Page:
Barry Gilmore

Thrips are showing up in cotton fields around our area, 0.5 lbs/acre of acephate applied when damage is noticeable should answer the problem.  Avoid tankmixing acephate with certain herbicides such as Staple, Warrant, Dual, and Liberty as foliar burn may occur.

Eric Luye

Hayti-Danny-Stevens-Christie-Irions-Eric-Luye-Barry-Gilmore-Keith-Griffin

Danny Stevens, Christie Irions, Eric Luye, Barry Gilmore, and Keith Griffin

Sidney

Heavy cutworm damage was noticed on peas at certain locations in the Sunburst and other Golden Triangle areas of Montana. Cutworms are the larvae (caterpillars) of numerous species of night-flying moths in the family Noctuidae, which are usually active for feeding during the night. The larvae are called cutworms because they cut down young plants when feeding on stems at or below the soil surface. Cutworm damage occurs early in the season when plant seedlings are small and have tender tissue. On a regular basis, monitor your fields, particularly during late afternoon and evening when cutworms are active, so you can notice their movement when they are initially present.

Chester Hill

Pea leaf weevil has been reported in Eastern MT this spring, below is a link to learn more.  Be out scouting fields.  Insecticides can be used to control the weevil.

http://www.mtagalert.org/alertDocs/MontGuide-PLW7.pdf

Chester Hill

Chet Hill

Laurel

I’m seeing some corn that has come up before the pre-herbicide was applied.  You may need to change your plan to a different program to make sure you don’t have crop injury. Resicore is a nice fit we’re seeing area growers utilize in these situations for good burndown and residual.

Rusty Reifenrath

Rusty Reifenrath & Kody Urweiler

West Point

Jared Steffensmeier, Chase Utemark & Jacob Gubbels

If you have fields that are tilled and still need a pre on, Anthem Maxx is an option for residual and some burndown on any small weeds that are starting to come up.

Jared Steffensmeier

Hurdsfield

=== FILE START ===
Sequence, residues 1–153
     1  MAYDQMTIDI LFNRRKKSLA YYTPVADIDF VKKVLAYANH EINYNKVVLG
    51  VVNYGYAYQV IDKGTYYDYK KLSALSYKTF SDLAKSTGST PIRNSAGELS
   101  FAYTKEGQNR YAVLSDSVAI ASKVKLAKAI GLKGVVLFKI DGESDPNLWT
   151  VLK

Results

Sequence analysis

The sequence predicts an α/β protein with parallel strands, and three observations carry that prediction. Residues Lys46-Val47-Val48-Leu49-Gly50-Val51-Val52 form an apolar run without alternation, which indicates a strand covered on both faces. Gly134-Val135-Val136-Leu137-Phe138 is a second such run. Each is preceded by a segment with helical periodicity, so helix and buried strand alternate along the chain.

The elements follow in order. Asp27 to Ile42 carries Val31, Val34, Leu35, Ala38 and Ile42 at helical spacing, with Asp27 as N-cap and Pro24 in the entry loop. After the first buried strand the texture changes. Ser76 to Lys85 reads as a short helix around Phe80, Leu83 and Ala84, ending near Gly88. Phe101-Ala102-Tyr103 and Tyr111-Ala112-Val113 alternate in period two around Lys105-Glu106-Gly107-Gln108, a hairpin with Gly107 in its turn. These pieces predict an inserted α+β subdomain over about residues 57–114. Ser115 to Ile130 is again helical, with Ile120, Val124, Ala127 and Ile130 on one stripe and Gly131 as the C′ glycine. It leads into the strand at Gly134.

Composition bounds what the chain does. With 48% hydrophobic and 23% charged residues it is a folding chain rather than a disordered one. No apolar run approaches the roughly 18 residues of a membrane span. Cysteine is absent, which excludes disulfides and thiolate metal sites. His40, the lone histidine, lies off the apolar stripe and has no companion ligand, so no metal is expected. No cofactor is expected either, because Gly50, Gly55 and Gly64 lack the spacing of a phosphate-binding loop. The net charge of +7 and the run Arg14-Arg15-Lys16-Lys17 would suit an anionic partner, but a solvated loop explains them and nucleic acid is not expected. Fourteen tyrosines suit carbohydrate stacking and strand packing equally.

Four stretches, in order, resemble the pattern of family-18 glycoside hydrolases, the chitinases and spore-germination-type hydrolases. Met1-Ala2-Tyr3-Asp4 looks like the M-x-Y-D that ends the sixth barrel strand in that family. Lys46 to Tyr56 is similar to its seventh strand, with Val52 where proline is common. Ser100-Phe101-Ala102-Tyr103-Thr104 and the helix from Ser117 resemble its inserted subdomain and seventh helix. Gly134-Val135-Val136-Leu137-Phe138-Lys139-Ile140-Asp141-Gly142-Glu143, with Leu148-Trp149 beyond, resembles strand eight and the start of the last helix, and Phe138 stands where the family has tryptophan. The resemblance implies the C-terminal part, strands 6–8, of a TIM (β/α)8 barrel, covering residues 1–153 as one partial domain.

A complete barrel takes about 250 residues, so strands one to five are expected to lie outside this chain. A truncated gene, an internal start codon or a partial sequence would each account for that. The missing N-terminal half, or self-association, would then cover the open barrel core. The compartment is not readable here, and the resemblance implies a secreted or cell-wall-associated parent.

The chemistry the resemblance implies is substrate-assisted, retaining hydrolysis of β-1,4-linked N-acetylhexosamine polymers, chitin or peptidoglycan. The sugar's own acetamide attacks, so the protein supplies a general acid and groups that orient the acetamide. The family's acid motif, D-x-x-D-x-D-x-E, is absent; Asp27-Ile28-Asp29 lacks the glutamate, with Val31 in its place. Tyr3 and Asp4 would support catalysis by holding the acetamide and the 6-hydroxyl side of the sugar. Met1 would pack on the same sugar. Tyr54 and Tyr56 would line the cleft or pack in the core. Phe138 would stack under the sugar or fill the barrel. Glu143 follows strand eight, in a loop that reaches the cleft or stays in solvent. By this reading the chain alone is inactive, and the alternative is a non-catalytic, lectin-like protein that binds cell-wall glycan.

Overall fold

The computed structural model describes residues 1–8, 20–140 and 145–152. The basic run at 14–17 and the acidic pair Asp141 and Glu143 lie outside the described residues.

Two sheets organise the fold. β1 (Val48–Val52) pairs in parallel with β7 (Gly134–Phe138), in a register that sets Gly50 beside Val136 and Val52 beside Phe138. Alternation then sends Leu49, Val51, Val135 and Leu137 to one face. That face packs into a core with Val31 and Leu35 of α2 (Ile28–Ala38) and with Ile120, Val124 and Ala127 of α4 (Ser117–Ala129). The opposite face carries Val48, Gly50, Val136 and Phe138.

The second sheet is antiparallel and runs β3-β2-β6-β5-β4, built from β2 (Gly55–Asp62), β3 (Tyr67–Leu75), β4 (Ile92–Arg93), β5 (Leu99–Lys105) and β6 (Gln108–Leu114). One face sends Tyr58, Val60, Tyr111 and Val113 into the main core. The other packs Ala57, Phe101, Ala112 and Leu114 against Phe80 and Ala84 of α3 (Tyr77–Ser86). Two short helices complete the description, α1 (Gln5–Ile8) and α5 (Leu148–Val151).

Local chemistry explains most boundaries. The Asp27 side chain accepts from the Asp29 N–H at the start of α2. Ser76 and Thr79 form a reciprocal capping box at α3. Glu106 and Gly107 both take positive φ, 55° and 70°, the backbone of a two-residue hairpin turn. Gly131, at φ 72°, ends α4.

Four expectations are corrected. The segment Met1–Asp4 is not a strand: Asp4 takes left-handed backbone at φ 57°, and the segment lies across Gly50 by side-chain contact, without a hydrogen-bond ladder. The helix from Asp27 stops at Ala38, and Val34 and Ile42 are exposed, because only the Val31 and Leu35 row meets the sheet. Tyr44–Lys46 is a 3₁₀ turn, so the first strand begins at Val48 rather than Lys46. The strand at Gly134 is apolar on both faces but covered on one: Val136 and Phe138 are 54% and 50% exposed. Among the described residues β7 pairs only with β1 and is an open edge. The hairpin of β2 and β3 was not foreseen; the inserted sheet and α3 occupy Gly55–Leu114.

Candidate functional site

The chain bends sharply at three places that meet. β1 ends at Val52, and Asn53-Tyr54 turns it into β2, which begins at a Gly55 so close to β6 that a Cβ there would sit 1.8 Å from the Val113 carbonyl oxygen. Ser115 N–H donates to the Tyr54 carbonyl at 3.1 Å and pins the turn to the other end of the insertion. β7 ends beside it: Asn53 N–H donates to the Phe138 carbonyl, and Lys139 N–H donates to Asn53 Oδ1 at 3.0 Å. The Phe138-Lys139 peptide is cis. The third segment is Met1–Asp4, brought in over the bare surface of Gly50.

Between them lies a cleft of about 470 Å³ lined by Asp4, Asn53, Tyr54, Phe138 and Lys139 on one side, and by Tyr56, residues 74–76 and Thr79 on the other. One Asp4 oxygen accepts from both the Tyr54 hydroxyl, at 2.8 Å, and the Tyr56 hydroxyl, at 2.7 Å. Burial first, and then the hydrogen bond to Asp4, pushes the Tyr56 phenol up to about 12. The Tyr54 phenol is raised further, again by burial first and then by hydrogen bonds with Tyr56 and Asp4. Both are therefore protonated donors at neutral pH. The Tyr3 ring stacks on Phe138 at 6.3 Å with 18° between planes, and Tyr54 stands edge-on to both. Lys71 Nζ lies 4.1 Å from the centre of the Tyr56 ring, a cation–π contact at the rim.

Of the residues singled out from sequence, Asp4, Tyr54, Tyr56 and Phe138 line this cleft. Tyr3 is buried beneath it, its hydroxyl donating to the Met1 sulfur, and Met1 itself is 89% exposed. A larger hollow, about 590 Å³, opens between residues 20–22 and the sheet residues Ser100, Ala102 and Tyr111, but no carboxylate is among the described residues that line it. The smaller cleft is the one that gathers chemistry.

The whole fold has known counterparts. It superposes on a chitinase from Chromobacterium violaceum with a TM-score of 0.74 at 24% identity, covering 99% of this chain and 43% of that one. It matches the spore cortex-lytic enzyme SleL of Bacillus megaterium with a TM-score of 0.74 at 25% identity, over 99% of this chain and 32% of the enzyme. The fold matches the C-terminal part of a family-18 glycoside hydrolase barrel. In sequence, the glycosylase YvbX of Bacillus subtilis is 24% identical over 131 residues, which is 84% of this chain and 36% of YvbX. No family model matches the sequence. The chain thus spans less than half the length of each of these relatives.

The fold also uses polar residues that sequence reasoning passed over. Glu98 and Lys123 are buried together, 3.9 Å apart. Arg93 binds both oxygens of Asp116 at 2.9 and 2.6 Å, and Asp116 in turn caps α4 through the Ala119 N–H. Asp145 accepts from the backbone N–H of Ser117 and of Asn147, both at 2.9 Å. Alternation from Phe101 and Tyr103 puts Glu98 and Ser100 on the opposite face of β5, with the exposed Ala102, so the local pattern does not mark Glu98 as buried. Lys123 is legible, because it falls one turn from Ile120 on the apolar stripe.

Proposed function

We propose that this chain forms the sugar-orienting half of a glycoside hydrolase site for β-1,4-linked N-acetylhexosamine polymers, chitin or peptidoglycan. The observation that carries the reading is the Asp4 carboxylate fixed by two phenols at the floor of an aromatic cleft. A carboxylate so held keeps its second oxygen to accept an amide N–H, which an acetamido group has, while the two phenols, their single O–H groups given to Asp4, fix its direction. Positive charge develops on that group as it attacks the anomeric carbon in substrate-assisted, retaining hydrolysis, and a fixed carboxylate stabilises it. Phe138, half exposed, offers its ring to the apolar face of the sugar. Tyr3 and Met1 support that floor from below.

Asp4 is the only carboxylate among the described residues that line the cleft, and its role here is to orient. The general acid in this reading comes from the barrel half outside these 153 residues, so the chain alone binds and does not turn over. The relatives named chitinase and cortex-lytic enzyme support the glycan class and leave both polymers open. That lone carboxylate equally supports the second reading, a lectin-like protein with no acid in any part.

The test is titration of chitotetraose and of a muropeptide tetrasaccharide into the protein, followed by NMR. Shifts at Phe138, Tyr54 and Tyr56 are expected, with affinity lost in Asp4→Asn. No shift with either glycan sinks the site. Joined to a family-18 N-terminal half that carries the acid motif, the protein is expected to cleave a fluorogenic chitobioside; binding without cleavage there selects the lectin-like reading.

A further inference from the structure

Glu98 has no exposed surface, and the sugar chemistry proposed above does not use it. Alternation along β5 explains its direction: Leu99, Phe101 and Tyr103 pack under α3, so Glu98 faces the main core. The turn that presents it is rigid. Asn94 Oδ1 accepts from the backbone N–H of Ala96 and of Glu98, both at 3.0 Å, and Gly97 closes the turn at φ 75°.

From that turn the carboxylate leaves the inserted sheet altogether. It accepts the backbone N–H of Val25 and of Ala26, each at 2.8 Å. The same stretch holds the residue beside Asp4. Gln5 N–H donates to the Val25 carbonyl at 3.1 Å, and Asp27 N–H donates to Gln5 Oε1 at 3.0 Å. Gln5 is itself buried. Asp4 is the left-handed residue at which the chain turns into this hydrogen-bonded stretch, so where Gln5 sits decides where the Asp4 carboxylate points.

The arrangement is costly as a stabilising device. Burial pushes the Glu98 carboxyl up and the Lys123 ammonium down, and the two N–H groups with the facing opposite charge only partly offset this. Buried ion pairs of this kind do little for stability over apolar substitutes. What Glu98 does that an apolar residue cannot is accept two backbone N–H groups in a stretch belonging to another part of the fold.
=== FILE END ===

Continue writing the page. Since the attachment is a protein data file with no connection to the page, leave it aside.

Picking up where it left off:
Dry conditions have resulted in growers questioning their soybean pre’s.  Soybean pre-herbicides depend on at least 0.5 inches of rainfall to fully activate and reach their full potential.

Emily Kline

Emily Kline, Chad Weckerly, Mariah Mertz & Brandon Wall

Lisbon

Adam Ladwig, Brian Weight & Spencer Schultz

Many guys are busy spraying soybean pre-emerge herbicides, but they say they’ll have to turn right around and spray their corn fields as soon as they’re done.  Some corn fields are already starting to dirty and will require a herbicide application in the next few days. When spraying this early, farmers prefer to use a residual product such as Resicore along with Atrazine that will get them through to crop canopy. Without the residual, the weed control has not been good enough.

Spencer Schultz

Mohall

I looked at a field that was sunflowers last year.  The intention of the farmer this year was to spray an SU (sulfonylurea) herbicide for broadleaf control, but there are enough volunteer sunflowers out there that an alternate mode of action is called for.  A tankmix of Quelex and WideMatch really do a nice job at controlling volunteer sunflowers.  Make sure you’re changing the mode of action for killing last year’s volunteer crop.

Ron Hefta

Charlie Adams, Andy Undlin, Ron Hefta and Mark Henry

Webster

No crop scouting report available.

 Jim Sitar, Stephanie Stensgard & Joe Ramer

Wilton

Jamie Schurhamer & Kevin Schulte

No crop scouting report available.

Aberdeen

Kalen Kjellsen & Tanner Johnson

I was recently out in a corn field that had some patches of hairy vetch growing. The field was sprayed with Verdict as a pre-emerge, but Verdict has no activity on vetch. A product that is a growth regulator, such as Stinger or Banvel, will more than likely have to be used to control this weed.

Tanner Johnson

Baltic

The ditches and pastures are loaded with leafy spurge this year – as identified by the yellow flowers in patches as they spread by pressurized ejection of seeds from the flowers and rhizomes underground.  The best product to hit them with is Tordon 22K at a labeled rate.   It provides residual and knockdown against spurge and thistles, too.  If you want the best long-term control, you need to follow this fall with another application as that will weaken the plants and give the best reduction in stand.